12. Colonization phase & capture tools: Crest net The net (5.0 m long) had a rectangular mouth (2.0 m wide, 1.5 m height) and was made of a 1 mm mesh, which was fine enough to retain the majority of incoming fish larvae before settlement. The mouth of the net was open to the offshore. Two hinged panels (2.0 m long, 1.5 m height) of 0.7 mm mesh enlarged the mouth area of the net to 4 m. The crest net was divided into two chambers: the mouth where larvae entered and the cod-end where the larvae are captured. The whole structure was fastened secured by steel cables which were bolted firmly onto the reef-rock to prevent the net from being swept away during times of strong current. The cod-end was attached to the net at dusk (6 pm) to minimize the accumulation of debris in the net during the day when few larvae are usually captured and was cleared of catches at dawn (6 am). "Lagoon" species / quantitative data / passive tool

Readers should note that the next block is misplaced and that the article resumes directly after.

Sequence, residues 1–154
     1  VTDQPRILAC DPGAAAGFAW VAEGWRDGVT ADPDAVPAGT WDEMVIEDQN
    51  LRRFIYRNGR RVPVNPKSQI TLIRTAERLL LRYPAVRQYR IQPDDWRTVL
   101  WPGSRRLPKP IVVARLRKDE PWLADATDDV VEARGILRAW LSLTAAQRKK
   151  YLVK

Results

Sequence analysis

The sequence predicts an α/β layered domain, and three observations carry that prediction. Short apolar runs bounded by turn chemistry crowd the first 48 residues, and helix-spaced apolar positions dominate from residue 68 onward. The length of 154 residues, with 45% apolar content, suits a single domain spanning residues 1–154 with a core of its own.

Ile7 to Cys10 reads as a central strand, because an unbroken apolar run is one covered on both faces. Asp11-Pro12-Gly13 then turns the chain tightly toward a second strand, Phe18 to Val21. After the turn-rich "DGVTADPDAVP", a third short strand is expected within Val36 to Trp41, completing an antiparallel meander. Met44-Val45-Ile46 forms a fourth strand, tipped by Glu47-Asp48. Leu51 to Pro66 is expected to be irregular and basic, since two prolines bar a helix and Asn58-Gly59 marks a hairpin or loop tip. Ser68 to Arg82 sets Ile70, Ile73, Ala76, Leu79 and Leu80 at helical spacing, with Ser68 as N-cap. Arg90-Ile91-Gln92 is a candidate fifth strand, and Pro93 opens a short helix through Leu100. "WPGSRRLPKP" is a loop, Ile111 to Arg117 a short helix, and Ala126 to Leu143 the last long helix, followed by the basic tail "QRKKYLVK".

13. Colonization phase & capture tools: Light trap The light trap is cylindrical in shape and is divided into three parts, all of which are fitted together when it is in operation. It is 1.3m in height and 0.45m at its widest point. 1) The codend is made of 5mm thick PVC and is cylindrical in shape with two drainage slits cut on either side, which are covered with 1mm plastic mesh. This allows constant flow through of seawater during the entirety of the trap deployment. 2) The second component is a case where the light radiates horizontally through 8 inward arranged vertical transparent baffles, each 6 mm apart. The baffles were made of 3-mm thick clear perspex cut into rectangular sheets of approximately 10 cm in width and 40 cm in length. 3) The light case is a PVC cylinder 12 cm in diameter and 40 cm in total length. This component of the trap encases the battery and the light source. The light is emitted through a clear cylindrical perspex plastic (20 cm in length) attached to the bottom of the case. 1: Codend 2: Baffle’s for larvae to enter trap 3: Light case "All" species / no quantitative data / active tool / positive phototropism